Negotiators for NHS Employers and the NHS trade unions have recently reached a significant milestone. After many months of discussion, proposals have been agreed for a new system of pay enhancements for Agenda for Change staff whose standard working week includes work in the evenings, early in the morning, at weekends, on bank holidays or at night.
Developing a harmonised system for compensating staff who work during unsocial hours was one of the final steps outstanding from the Agenda for Change negotiations.
Agenda for Change stipulated that the national parties needed to develop new arrangements that would ensure the provision of a high standard of service to patients, were affordable and were consistent with the principle of equal pay for work of equal value. The existing unsocial hours arrangements included a wide range of complex payments based on outdated provisions.
Over the last year, a sub-group of the NHS Staff Council, including employer and trade union representatives, has been working to develop a system of unsocial hours payments that would meet the Agenda for Change requirements. Developing the draft provisions has been challenging and the work has taken longer than expected.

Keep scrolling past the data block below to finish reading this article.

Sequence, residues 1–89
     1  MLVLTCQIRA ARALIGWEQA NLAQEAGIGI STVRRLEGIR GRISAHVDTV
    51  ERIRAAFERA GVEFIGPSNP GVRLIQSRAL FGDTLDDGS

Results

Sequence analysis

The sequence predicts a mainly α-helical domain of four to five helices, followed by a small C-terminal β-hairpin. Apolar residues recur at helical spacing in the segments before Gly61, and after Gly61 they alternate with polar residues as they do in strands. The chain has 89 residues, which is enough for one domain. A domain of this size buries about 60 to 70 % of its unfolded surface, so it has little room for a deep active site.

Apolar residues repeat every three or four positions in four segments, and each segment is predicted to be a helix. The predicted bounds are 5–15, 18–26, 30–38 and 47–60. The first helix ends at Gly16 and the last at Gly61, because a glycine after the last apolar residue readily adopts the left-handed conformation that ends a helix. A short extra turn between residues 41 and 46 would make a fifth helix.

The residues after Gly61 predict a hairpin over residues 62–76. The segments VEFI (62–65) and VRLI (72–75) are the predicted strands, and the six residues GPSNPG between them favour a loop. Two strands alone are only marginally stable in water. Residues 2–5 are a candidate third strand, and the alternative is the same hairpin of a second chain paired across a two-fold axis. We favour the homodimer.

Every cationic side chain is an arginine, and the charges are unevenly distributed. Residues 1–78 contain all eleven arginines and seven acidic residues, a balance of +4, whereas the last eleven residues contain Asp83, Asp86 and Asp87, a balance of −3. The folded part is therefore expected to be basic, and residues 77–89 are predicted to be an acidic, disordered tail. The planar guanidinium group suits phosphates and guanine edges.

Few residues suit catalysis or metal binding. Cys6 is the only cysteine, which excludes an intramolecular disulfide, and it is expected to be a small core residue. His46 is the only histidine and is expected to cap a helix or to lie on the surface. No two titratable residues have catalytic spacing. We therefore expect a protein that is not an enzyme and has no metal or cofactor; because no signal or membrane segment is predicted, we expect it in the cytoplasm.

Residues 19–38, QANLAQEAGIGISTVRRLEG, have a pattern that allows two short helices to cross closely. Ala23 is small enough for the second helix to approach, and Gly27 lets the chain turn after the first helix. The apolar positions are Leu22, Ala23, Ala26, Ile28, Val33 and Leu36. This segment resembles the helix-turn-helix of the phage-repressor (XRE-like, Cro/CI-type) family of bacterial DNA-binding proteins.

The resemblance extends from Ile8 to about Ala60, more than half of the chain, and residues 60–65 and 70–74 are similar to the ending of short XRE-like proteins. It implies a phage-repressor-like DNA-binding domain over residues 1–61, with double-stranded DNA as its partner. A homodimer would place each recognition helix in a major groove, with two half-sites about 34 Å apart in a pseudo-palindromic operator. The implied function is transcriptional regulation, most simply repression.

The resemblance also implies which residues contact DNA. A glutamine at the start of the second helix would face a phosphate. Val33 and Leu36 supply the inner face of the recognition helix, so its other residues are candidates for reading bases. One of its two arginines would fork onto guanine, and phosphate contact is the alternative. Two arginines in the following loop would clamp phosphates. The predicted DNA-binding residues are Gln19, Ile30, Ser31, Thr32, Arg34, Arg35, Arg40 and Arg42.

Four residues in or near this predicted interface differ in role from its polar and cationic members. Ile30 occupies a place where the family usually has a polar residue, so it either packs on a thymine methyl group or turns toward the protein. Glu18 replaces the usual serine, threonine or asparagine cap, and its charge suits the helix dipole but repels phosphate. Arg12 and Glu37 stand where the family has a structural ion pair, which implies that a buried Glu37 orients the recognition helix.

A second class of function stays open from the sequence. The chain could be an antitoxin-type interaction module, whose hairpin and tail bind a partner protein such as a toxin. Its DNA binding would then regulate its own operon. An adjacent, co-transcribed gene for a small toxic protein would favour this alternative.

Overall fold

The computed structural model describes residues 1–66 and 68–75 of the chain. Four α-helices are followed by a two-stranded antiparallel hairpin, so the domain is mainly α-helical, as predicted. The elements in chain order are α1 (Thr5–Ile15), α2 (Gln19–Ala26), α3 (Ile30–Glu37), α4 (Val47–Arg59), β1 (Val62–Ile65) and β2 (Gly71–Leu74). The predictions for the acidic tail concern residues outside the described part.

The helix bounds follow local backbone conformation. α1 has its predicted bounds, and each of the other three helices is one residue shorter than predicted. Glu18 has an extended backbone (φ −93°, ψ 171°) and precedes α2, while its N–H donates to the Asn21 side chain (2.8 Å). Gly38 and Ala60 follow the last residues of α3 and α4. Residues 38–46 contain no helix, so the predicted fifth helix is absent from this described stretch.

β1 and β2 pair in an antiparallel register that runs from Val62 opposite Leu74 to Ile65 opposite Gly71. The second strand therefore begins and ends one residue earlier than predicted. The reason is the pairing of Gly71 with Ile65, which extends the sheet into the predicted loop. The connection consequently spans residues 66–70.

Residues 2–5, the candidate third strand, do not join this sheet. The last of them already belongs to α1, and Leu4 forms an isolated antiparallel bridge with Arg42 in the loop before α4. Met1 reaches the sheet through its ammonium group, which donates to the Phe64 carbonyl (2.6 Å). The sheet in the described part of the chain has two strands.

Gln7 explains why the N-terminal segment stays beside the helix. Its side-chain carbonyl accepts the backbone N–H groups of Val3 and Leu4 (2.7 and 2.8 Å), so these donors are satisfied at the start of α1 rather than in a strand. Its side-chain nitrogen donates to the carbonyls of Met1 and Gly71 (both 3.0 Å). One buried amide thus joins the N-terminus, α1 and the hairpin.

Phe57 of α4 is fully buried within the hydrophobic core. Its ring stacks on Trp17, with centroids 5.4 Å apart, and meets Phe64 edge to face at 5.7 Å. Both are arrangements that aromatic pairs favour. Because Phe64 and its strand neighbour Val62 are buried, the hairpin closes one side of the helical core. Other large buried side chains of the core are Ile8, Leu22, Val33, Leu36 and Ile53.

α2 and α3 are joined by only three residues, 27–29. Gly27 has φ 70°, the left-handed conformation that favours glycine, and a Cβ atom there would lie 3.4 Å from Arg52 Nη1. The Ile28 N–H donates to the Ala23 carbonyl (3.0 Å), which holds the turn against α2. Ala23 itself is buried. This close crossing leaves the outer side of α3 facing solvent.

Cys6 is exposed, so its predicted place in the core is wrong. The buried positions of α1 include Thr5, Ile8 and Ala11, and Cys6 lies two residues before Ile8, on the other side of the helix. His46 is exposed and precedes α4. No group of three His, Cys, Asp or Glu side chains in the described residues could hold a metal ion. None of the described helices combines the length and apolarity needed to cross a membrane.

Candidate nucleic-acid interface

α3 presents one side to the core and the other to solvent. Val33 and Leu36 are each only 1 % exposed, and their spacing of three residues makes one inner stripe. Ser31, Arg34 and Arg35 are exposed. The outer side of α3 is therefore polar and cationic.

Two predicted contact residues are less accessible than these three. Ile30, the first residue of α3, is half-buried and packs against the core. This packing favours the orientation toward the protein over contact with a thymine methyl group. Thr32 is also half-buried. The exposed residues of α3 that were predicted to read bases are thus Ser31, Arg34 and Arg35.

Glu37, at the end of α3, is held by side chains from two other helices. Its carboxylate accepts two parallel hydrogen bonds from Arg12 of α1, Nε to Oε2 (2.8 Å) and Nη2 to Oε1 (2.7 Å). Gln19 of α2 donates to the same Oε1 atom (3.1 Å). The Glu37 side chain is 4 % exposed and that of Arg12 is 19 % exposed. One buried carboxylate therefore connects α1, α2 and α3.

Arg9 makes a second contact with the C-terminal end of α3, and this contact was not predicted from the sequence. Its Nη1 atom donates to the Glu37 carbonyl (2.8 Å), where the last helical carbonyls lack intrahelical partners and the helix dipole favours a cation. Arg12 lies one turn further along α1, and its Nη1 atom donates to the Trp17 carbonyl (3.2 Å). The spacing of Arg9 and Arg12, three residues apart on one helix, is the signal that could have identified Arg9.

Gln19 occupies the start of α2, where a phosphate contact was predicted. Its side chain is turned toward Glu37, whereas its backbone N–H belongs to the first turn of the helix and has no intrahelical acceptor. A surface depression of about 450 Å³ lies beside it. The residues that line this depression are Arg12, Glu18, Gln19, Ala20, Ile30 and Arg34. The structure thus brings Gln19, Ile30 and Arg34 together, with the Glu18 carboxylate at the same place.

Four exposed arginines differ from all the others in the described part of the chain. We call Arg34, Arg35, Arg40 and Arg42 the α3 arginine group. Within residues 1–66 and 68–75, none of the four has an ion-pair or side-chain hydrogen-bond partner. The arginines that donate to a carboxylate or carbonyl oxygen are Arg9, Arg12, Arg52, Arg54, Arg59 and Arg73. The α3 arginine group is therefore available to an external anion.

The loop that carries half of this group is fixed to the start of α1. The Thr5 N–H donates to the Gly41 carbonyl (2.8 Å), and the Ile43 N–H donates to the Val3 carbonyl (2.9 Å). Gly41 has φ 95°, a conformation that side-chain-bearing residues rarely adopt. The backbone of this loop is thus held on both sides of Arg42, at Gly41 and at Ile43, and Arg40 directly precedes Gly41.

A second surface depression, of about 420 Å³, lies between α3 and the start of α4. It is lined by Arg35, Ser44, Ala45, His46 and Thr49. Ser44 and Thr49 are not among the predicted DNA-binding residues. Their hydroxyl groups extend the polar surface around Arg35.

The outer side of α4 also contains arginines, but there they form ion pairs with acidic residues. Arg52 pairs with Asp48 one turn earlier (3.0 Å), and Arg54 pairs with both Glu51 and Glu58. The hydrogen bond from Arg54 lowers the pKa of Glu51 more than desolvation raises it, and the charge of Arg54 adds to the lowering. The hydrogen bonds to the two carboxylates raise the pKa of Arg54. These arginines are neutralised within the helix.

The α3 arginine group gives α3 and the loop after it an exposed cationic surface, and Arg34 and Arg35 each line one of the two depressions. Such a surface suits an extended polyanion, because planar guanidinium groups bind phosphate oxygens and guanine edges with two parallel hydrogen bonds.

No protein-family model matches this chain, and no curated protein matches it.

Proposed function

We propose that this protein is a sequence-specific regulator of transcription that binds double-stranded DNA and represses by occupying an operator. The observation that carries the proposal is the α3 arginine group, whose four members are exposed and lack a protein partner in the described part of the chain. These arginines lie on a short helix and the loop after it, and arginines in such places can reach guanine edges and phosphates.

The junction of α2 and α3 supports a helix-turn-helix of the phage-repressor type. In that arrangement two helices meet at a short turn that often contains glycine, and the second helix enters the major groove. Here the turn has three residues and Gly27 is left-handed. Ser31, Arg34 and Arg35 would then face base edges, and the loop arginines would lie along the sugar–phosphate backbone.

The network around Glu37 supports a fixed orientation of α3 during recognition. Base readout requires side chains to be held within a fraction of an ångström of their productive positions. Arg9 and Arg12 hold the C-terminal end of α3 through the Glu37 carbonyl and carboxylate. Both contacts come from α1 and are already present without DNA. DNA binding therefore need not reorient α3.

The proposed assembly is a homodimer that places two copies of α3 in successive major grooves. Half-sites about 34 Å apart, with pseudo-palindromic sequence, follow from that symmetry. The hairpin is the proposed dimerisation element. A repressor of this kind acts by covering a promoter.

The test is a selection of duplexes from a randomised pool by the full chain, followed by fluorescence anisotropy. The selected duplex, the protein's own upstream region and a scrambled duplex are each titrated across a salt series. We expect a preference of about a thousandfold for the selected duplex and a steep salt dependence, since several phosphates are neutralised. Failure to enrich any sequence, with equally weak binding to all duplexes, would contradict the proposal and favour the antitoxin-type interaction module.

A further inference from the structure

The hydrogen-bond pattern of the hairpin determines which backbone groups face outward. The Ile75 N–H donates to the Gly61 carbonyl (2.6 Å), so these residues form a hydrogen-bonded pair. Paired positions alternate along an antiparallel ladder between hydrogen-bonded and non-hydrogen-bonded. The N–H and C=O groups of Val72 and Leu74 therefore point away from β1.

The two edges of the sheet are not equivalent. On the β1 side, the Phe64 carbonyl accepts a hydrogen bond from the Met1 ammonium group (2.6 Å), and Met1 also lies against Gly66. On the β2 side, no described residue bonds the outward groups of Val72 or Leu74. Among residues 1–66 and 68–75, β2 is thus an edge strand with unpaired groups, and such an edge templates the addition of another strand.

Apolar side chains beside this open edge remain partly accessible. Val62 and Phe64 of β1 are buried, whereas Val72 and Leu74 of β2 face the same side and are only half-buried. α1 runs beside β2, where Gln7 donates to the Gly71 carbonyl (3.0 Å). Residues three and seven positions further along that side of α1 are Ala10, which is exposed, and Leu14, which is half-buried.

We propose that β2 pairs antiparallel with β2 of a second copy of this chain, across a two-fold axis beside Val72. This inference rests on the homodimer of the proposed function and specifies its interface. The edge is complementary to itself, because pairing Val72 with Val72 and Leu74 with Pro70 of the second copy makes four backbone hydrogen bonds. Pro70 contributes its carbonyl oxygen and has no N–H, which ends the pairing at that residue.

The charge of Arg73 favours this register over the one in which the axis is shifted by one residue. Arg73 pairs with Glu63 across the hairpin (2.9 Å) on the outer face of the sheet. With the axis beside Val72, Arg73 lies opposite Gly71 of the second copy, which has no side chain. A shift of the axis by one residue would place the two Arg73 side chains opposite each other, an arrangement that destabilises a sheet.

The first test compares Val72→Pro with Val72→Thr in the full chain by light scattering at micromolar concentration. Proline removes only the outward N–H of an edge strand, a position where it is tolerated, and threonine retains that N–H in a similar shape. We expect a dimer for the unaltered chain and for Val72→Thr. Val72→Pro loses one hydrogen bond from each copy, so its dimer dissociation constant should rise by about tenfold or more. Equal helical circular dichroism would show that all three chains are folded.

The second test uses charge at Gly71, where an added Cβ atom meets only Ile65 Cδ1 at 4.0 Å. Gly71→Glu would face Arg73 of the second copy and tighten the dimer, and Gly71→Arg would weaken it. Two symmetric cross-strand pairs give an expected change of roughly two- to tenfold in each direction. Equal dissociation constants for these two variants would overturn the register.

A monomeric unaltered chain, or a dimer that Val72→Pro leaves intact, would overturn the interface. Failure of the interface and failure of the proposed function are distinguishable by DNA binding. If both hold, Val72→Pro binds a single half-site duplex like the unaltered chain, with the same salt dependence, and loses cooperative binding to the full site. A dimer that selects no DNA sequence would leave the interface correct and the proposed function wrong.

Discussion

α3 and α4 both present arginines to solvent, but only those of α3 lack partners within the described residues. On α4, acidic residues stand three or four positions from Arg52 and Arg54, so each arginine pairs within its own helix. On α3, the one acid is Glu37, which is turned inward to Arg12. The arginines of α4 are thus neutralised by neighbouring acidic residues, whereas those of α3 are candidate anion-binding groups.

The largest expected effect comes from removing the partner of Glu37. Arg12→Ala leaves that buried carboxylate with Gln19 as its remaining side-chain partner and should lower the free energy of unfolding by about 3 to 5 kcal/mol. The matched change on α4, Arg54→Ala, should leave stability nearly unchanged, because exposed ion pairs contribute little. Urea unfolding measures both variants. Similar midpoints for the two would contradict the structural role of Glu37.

After agreeing on initial proposals, the group carried out an extensive period of testing with the service. The draft proposals were published for consultation and the group received feedback from employers and trade unions. This helped ensure that the final proposals were right for the service and for staff. The proposals have now been approved by the government and the trade unions will be consulting their members on them over the next few weeks.
The proposals mean that staff on Agenda for Change pay bands will receive their usual pay for their time plus an additional percentage depending on whether they are working on a Saturday overnight or on a Sunday or public holiday. There are arrangements allowing some staff to move to the new percentage enhancements in stages over three years in a way that is affordable and which avoids the need for pay protection for most staff.
The agreement of these proposals is a major achievement for NHS Employers and the NHS trade unions and for partnership working in general. The proposals now on the table are a good deal for employers, staff and patients. NHS Employers looks forward to getting the final agreement of trade unions and to implementing the new arrangements in April 2008.